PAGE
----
Trading away beauty for ashes

Published 8:24 pm Tuesday, May 12, 2015

To the editor:

If you stand on the corner of Mahan and Main streets facing Cedar Hill Cemetery here in downtown Suffolk, you can see to your right one of Suffolk’s oldest buildings — somewhat preserved and standing strong.

Just down the road to the left you’d be able to gaze upon the Folly of Mr. Mills Riddick. It is a great four-floor Greek-Revival townhome mansion, now museum. If you turn around from there, you’ll see — an empty lot, now void and bare.

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What is missing?

Though fire- and water-damaged and somewhat unstable, the house that used to stand on that corner was a jewel of history. The lot is laden with history from as far back as the mid 1700s. That history ascended the markers of Suffolk’s timeline, continuing to add to the richness of the city’s vast treasure of antiquity.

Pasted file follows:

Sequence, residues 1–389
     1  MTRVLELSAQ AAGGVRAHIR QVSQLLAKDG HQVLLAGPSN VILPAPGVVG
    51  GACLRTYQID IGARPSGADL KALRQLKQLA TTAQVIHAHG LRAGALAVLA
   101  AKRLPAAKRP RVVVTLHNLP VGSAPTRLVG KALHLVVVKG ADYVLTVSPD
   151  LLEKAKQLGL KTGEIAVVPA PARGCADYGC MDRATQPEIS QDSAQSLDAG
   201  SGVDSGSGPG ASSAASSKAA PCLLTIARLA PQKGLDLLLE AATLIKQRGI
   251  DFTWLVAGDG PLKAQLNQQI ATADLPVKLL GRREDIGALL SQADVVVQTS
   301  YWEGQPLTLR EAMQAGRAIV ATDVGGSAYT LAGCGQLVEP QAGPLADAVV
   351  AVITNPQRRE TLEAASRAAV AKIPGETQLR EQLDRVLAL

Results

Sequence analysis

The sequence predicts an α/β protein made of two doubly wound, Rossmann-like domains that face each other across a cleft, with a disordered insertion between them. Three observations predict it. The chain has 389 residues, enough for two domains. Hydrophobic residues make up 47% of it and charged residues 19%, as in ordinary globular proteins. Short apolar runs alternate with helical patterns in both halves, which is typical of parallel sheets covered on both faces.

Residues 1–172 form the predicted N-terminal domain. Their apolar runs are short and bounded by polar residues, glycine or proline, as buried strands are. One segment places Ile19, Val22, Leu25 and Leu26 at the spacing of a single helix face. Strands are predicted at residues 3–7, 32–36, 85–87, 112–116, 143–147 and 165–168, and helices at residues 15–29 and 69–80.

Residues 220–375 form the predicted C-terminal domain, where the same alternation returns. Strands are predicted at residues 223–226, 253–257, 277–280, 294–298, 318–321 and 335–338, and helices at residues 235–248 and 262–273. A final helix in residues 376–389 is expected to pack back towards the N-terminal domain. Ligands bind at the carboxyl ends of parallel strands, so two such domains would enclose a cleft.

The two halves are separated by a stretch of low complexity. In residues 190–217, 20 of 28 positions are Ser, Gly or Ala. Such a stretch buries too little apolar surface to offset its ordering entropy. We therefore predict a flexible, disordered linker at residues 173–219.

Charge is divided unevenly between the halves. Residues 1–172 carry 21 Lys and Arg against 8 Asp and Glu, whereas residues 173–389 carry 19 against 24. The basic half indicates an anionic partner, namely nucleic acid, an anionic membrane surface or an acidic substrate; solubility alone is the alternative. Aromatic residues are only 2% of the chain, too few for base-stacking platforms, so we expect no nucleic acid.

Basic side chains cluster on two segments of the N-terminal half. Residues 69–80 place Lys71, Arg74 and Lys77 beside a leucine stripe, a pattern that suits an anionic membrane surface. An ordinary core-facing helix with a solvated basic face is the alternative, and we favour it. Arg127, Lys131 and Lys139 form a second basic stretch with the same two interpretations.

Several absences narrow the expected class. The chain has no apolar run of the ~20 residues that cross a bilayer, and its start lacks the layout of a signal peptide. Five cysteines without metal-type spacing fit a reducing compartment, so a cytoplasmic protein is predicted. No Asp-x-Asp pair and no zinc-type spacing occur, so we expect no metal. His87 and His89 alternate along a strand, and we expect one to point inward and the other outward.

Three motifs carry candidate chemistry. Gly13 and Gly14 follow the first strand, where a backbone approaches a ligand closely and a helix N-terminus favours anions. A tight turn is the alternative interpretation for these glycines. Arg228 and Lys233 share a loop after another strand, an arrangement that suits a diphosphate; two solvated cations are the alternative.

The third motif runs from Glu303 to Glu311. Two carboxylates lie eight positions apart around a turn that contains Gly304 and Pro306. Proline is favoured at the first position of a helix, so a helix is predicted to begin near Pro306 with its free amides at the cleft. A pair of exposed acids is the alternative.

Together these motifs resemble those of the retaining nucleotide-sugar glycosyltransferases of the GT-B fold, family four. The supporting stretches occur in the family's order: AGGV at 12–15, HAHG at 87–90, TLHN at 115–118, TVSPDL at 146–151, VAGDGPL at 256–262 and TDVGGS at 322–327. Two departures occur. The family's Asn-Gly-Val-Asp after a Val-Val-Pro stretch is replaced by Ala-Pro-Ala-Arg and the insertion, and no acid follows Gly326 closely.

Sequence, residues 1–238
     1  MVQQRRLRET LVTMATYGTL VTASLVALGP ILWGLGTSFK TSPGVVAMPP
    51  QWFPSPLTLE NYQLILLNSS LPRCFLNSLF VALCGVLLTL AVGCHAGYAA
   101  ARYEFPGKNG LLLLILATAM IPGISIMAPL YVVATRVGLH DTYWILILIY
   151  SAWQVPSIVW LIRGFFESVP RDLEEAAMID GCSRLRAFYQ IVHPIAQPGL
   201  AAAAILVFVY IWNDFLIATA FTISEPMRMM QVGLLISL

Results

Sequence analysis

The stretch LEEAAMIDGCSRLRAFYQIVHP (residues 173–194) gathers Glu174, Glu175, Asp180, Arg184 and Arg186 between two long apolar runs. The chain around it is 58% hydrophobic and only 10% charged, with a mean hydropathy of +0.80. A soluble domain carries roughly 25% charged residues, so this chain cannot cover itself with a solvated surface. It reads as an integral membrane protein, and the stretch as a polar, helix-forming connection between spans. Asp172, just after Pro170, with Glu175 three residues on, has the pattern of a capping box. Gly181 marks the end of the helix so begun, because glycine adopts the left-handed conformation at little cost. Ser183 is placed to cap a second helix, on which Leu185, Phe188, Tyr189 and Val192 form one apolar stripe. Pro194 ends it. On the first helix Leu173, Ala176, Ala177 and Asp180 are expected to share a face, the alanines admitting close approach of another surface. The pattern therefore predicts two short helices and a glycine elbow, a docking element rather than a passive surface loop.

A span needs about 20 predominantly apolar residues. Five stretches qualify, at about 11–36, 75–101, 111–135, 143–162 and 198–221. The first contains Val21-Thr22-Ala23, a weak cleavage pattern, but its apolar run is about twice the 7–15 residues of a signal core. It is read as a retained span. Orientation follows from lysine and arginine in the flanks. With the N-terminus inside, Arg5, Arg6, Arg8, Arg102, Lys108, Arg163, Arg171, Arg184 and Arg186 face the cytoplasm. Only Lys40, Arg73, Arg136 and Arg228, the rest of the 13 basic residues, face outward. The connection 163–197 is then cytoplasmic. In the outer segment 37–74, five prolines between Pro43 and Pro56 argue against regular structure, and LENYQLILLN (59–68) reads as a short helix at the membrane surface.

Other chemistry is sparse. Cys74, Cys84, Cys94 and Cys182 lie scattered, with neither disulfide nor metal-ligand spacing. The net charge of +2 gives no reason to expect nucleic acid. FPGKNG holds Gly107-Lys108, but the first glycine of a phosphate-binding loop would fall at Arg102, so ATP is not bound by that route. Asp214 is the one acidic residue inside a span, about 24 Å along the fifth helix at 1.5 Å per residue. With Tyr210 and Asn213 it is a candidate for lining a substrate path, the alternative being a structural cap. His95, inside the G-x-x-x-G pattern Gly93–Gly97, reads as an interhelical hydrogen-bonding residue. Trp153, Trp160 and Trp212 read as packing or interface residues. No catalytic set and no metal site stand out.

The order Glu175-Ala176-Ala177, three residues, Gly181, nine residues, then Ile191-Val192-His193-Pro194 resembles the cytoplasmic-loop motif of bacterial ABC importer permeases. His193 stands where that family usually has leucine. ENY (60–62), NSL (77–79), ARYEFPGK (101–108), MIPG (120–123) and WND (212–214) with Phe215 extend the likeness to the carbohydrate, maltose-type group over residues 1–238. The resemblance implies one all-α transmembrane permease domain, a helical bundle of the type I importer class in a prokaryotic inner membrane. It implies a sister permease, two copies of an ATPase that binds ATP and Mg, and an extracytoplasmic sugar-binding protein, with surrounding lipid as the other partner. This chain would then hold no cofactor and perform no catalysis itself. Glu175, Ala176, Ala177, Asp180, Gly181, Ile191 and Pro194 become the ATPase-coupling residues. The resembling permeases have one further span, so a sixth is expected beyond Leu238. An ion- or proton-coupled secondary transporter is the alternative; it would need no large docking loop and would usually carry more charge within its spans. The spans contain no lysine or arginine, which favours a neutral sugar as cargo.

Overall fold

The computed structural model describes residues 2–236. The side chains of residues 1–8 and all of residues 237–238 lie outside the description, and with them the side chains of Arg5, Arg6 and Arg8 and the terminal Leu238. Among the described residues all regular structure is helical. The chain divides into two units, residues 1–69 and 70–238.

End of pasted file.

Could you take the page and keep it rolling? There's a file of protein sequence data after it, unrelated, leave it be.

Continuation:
What has happened?

Also an integral part of the city’s rich history is First Baptist Church Mahan. Wrapped into the historical account of the corner lot’s owners and the owners of the house is a small narrative concerning First Baptist Church.

However, it was First Baptist that took ownership of the 100-plus year-old historic structure, only later to demolish it and bring to naught the tangible pieces left of that historical chronicle.

What will follow?

Sadly, the piece of history that was crushed and hauled away in crumbled heaps now leaves behind, as I stated, an empty lot. This jewel was ripped from the collets of the people of Suffolk, snatched from the bezel of Mahan and Main streets, and now there is left one less jewel on the shank of the city.

The invaluable ornament will now be replaced with a social hall and a parking lot. This is truly a story of trading beauty for ashes if there ever were one. If this is the extent of the respect shown for history, my only question is this: What is next?

Delano Calvin